The voice and words of this scholar won’t fade out
Sheikh Ahmed Deedat
The news of Sheikh Ahmed Deedat's demise did not come as a shock because in a way we were all expecting the inevitable, after all he was ailing for well over eight years. But still there was a feeling of sorrow for this great man who had entered into the lives and minds of Muslim kings and scholars, students and the average men and women alike with his brilliant scholarship in comparative religion.

Never was the truism 'walk with kings and still not lose the common touch' more true than in the case of Sheikh Deedat. He would actually chat with King Fahd and sip coffee with a Bedouin the next day chatting away, always eager to learn something new. I was floored when he told me that he had learned something from what I had done. I couldn't believe that I had contributed something to his vast knowledge. All I had done was slightly alter a slogan he had coined. Here was a man world famous for his reputation for keeping huge audiences spellbound with his oratory on comparative religion telling me I had contributed, unwittingly though it may be, to his vast repertoire. I have recounted this incident, not to attract any attention to myself, but only to illustrate this great man's humility.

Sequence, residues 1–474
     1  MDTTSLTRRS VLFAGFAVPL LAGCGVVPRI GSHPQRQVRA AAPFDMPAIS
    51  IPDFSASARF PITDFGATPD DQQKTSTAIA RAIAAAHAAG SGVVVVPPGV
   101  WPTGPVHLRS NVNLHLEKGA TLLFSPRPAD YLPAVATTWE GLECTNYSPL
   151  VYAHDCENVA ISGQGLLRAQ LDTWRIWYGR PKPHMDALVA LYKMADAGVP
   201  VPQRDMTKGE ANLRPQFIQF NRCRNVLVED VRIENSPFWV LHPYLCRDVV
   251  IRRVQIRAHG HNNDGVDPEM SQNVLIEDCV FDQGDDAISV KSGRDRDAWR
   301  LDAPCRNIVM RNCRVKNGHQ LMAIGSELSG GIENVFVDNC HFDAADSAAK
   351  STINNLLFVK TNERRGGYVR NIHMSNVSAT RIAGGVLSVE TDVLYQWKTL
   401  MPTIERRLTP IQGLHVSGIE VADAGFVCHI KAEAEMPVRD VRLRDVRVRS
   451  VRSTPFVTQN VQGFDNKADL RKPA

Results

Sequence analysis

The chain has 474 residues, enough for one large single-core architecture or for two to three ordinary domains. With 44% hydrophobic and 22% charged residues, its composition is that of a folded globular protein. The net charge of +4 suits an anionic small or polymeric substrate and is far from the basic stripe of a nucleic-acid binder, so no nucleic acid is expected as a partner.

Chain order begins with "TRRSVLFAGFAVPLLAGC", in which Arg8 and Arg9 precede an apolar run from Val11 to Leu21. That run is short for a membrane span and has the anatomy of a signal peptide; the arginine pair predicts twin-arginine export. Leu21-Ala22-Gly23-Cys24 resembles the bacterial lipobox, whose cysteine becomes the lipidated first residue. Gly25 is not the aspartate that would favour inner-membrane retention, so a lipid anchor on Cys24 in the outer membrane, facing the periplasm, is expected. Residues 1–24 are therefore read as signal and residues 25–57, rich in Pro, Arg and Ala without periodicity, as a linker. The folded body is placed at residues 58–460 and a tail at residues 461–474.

At the tender age of just nine, he migrated from Gujarat to South Africa to join his father who was a tailor by profession. He did not have any knowledge of English but he applied himself assiduously to the task of acquiring an education for himself and with his dedication he did very well in school. Unfortunately he couldn't raise enough finance to continue his studies. But one thing he had acquired was the passion for reading and this was to stand him in good stead in his mission to counter the negative image of Islam that has been projected by vested interests.

He founded one of the most dynamic Islamic organizations in the world, the Islamic Propagation Centre in Durban. Sheikh Deedat lived in the world though he was not of the world. He loved cricket and would rattle off the names of greats as suavely as he would quote the Bible and the Quran. I used to call him once in every while just to keep in touch and on one such occasion his timbre laced voice boomed over the line saying "Mubarak! Mubarak!! (Congratulations) You are World Champs!" Sri Lanka had just won the World Cup. He said he had watched every ball, which I hadn't - being too tense in situations such as these.